• ACEE Int. J. on Civil and Environmental Engineering, Vol. 01, No. 01, Feb2011 © 2011 ACEE 20DOI:01.IJCEE.01.01.506 Environment Protection of Reserved areas –AStudy of Gulf ofMannar (GOM) Biosphere Reserve 1 Dr.K.Saravanan, 2 Mr. G.P.Sathish 1 Professor and Head, Chemical Dept. Kongu Engg. College saran@kongu.ac.in 2 Architect, GPRArchitectural Consultancy, Nagercoil. sathishgpr@yahoo.co.in Abstract - Protected areas in India comprise of Sanctuaries, National parks and Biosphere Reserves. The program of Biosphere Reserve was initiated under “The man and Biosphere (MAB) “program by UNESCO in 1971. Biosphere Reserves are areas of terrestrial and coastal or marine ecosystem, or a combination thereof, which are internationally recognized for promoting and demonstrating a balanced relationship between people and nature. This paper focuses on environmental planning of Gulf of Mannar Biosphere Reserve which extends from Rameswaram Island to Tuticorin with 130 species of corals. The study provides guideline for sustainable use of resources, activities to be permitted along coastal stretch, coastal highways, and mangroves, reclamation of saline and alkaline soil, coastal pollution, sedimentation, avifauna, settlements, tourism and recommended vegetation. It also provides guideline for the improvement of the relation between people and their environment globally. Key Words: Eco system, Bio diversity, Corals, Mangroves, Flora, Fauna, Avifauna. I. INTRODUCTION The coastal environment is very dynamic with many cyclic and random processes owing to a variety of resources and habitats. Further the coastal ecosystems are one of the most productive ecosystems on earth. About 60 percent of the world population lives near the coast and in one way or other depends directly or indirectly on the coastal zone and its resources. Thus the coastal zone plays a vital role on the nation’s economy. As a result of increasing human population and the trend for a greater proportion of people to live close to the sea, the economic activities on coastal environment are also increasing. Hence there is an urgent need to protect the coastal environment and ensure its sustainable production and development. In India, GulfofMannar Marine Biosphere Reserve (GOMMBR) is a unique biosphere reserve in manyrespects (Fig 1). GOMMBRcovers an area of10,500 sq. km and includes 21 islands of varying area ranging from 0.25 ha to 129.04 ha. Factors like urbanization, population growth, industrial development, international trade, inadequate legislation, linear approach in resource utilization, tourism leading to habitat degradation, over-exploitation of resources are the known threats to the survival of unique life support system of the Gulf of Mannar Biosphere Reserve. A. Objectives of the Study. This study was to obtain zones of suitability for preservation, conservation and development, Identifying the areas of immediate action along the coastal stretch, Segregating thezones and the activitiesallowable and framing guidelines for sustainable usage of the coastal marine resources, recommend vegetation along this coastal stretch, coastal pollution, sedimentation, settlement, coastal erosion. II. FRAMEWORK OFTHE STUDY A. General Study. General Study includes Protected Area Network, Biosphere Reserves – Function, Biosphere Reserves –Zoning and Coastal Marine Ecosystem.The protected area network in India comprise of 15 Biosphere Reserves, 96 National Parks, 551 animal Sanctuaries. The Zoning of Biosphere Reserve consist of Core Zone which is a Strictly prohibited area, conservation and monitoring are functions allowed. Buffer Zone is a strictly delineated area, the allowable functions are research, education and tourism, activities are managed to protect the core zone. The Transition Area is the Outer area of the buffer zone; functions allowable are human settlements, research station, traditional use, education, training, tourism, recreation rehabilitation, facilities for research. Coral reefs are a distinctive shoreline habitat of stunning visual appeal found only between latitudes 30o N and 30o S. They grow only where sea surface temperatures are above 20o C. Most living coral communities do not grow at depths of more than 50m although some grow at depths of 100m. They are considered the most productive marine ecosystem, supporting as many as 3,000 species. Coral reefs form the most dynamic ecosystem providing shelter and nourishment to thousands of marine flora and fauna. Importance of Coral reefs is that theyact as a bulwark against sea erosion, cyclone and protect houses, beaches and other coastal installation from tidal waves. Coral reefs provide an ideal habitat and feeding ground for various marine animals. Coral reefs absorb CO2 and convert it to CaCO2 and reduce the CO2 in the atmosphere. Mangroves are termed as tropical tidal wetlands with typical vegetations distributed along the border of the sea and lagoons reaching upon the edges of the rivers to the point where the water is saline and growing in swampy soils covered by the saline water during high tides. They are salt tolerant forest ecosystem found in the inner tidal regions. The major threatsfor mangroves are hyper salinity, siltation, tree felling for timber and firewood, human inhabitation and pollution, embankment construction,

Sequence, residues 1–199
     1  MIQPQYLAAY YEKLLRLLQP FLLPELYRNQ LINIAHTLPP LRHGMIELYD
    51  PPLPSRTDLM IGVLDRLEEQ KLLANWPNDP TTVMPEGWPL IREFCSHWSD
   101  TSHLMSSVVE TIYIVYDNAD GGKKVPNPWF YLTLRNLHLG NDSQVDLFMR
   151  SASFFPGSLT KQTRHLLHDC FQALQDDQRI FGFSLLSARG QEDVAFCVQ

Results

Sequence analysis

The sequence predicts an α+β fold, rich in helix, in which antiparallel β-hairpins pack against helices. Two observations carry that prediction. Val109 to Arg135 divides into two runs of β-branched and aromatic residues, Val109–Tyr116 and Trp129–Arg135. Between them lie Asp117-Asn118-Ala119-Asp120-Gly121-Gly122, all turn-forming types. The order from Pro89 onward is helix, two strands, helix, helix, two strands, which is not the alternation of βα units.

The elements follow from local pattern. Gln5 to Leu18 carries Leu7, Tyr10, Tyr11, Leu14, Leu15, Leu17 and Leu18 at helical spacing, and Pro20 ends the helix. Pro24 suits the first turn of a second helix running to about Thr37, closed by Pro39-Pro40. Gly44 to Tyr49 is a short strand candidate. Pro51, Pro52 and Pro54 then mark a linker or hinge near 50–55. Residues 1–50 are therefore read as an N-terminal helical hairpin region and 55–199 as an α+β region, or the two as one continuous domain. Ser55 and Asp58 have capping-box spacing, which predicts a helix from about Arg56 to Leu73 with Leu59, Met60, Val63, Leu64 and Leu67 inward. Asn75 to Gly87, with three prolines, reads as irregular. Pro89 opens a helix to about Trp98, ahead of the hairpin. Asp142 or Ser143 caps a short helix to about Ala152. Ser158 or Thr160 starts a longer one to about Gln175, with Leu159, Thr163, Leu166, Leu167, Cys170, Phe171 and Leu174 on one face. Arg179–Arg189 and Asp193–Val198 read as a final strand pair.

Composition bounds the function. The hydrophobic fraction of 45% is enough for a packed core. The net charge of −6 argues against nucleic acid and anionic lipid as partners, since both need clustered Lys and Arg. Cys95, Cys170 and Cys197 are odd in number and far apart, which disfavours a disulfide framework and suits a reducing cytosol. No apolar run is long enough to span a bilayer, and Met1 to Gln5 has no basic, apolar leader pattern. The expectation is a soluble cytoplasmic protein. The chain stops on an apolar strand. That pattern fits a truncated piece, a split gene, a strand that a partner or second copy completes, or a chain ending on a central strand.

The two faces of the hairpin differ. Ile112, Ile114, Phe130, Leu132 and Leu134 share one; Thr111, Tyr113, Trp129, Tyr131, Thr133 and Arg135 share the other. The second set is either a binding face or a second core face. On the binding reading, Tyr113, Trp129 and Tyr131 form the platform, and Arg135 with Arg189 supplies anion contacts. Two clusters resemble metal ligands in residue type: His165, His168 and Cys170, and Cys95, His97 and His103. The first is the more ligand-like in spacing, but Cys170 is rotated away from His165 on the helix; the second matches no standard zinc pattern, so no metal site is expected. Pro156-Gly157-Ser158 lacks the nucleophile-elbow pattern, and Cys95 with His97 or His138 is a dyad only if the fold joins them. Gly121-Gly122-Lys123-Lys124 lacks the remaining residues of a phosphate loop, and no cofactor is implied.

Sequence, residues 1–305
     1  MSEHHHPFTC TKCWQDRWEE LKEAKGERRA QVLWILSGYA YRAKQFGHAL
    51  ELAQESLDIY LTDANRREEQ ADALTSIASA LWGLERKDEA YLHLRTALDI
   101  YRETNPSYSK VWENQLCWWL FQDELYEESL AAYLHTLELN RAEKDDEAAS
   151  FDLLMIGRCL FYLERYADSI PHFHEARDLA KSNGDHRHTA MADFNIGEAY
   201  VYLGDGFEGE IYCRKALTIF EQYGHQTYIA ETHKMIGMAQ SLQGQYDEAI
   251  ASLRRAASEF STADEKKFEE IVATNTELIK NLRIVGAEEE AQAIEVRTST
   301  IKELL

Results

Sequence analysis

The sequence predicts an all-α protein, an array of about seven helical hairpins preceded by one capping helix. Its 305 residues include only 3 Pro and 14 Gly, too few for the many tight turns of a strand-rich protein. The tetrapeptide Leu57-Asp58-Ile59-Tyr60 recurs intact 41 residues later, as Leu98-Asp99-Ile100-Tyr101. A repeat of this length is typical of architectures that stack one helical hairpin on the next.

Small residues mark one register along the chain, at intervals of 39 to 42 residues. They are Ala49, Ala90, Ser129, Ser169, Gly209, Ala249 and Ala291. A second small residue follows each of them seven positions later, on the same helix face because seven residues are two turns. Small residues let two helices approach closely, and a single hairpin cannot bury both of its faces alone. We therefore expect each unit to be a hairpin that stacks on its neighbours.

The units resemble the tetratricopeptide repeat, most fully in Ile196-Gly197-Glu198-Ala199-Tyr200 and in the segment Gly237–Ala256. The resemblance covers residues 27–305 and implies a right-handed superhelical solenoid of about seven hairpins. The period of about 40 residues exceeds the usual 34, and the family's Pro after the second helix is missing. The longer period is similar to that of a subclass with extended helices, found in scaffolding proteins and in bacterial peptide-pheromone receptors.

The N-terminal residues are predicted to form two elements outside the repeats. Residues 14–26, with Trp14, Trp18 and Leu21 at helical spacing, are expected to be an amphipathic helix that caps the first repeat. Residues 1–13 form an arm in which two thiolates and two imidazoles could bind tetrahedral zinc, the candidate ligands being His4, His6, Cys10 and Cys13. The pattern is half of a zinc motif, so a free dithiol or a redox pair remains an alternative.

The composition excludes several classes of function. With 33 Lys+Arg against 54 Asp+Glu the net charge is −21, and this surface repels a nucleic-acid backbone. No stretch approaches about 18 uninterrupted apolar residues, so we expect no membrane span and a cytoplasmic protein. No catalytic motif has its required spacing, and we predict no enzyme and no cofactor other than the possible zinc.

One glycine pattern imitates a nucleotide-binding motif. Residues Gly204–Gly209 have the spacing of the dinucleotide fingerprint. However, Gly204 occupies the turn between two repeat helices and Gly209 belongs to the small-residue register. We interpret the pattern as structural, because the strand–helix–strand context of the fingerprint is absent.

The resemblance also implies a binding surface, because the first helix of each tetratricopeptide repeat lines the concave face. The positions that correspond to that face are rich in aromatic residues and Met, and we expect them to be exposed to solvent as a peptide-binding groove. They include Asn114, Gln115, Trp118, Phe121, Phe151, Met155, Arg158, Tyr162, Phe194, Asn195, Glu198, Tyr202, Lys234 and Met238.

• ACEE Int. J. on Civil and Environmental Engineering, Vol. 01, No. 01, Feb2011 © 2011 ACEE 21DOI:01.IJCEE.01.01.506 aquaculture, grazing by cattle/goat, overexploitation of juvenile fishes, disease, natural calamities (cyclone, storm and flood). The factors that influence mangroves are temperature, tides, salinity, rainfall and winds. Mangroves are under pressure due to salt pan conversions, development of ports, aquaculture, increase in population, dumping of industrial waste and their effluents leading to loss of mangrove ecosystem. Sea shells are the marine living organisms which belong to the family called Mollusca. Commercially many ornamental items are made from these shells. Collection, possession and trading of these marine living organisms and their products are happening in this coastal stretch. Seaweeds are marine algae. They occur in the inter-tidal and sub-tidal regions of the sea. They are very important marine living resources. Theyare the onlysource for the production of photo chemicals which are used in food industry, textile industry, paint industryetc. Over exploitation of seaweeds indirectly affects the coral reef ecosystem, as a result of increasing siltation in sea water. Seaweeds act as a protective barrier against the wave action. Reduction in seaweeds leads to coastal erosion and removal of coral reefs. B. Coastal Study. The Coastal Study includes GOM – As a Biosphere, Physical Study, Islands, CRZ Classification, Geology & Geo- Morphology, Coastal Morphology, Vegetation, Coastal Highways, Visual Quality, Coral Reefs, Physical Features, Overlays, Overlay Inference, Zones Of Suitability. GOM is bounded by Palk Bay and Rameswaram Island in the north, Ramanathapuram district in the North West and west, Tuticorin district in south and Bay of Bengal in the east. Fig. 1 Map of Gulf of Mannar Biosphere reserve The climate is tropical and it comes under the spell of both southwest and northeast monsoons. Rainfall is moderate to heavy during October to mid- December under the spell of northeast monsoon. The mean annual rainfall varies from 762 mm to 1270 mm. The wind direction is north-northeasterly from June to December and changes to westerly during the rest of the period. The soil is typicallycoastal sand. Alluvial and beach sand cover most of the areas. The drainage system in the coastal part of Gulf of Mannar consists of Vaigai, Kappalar, Kottakkarai, Gundar, Vembar, Vaippar and Kallar and its tributaries. The trend of the rivers is from northwest to southeast. Vaigai and Vaippar are the biggest rivers in the Gulf of Mannar. There are 21 islands ( Fig 2 ) lying off the coast in Ramanathapuram and Tuticorin districts fig 2. Most of the islands are of coral origin. The 21 islands have an area of 623 hectares. Kurusadi Island is generally called as biologist’s paradise, because of the richness of variety of fauna and flora. There is lush growth of mangrove vegetation with different species. Extensive coral reefs are present here. Large number of sea birds visits these islands. Dense coconut, acacia, Palmyra trees are found here. Commercial exploitation of seaweeds is done here. Illegal mining of coral reefs are done here. Coastal erosion is found on most of the islands. CRZ - 1: Most of the coastal stretch in this area comes under this zone – Pamban coast, Kilakarai coast etc CRZ – 11: Substantiallydeveloped coast - Tirttakkarai coast, Sayalkudi coast etc. CRZ -111: Remaining coastal areas come under this zone. Coastal Highways are NH – 49 (Madurai to Rameswaram) ,ECR – phase 11 (Cuddalore toTuticorin). At Keelakarai the proposed ECR comes verycloser to the HTL. At Pamban the highway is very close to the shoreline. This will affect the coastal marine resources. Preservation zone are of a landscape character deserving complete preservation as a nature preserving. People depending on this zone should be educated so that they won’t disturb corals, mangroves. Fig. 2 Gulf. of Mannar Coastal Morphology Conservation zone are less sensitive or less productive areas are suited to limited use. Natural features will be conserved and protected in and around these areas with movement of pathways taken care of to bring people and nature into compatible relationship. Development zone are the natural landform and vegetation areofminimal significance. Facilities for ecotourism should be developed only in this zone. III. GUIDELINES A. Guidelines for sustainable resources management. Periodical monitoring and research ofpresence of the coral reefs has to be done to distinguish the growth of the coral reef. Biologist’s paradise “Kurusadi Island” comes under core zone. ( Fig 3 ) Coral mining is strictlyprohibited here. Dumping of solid waste near Mandapam fishing village has to be stopped. Traditional fishing is allowed in buffer and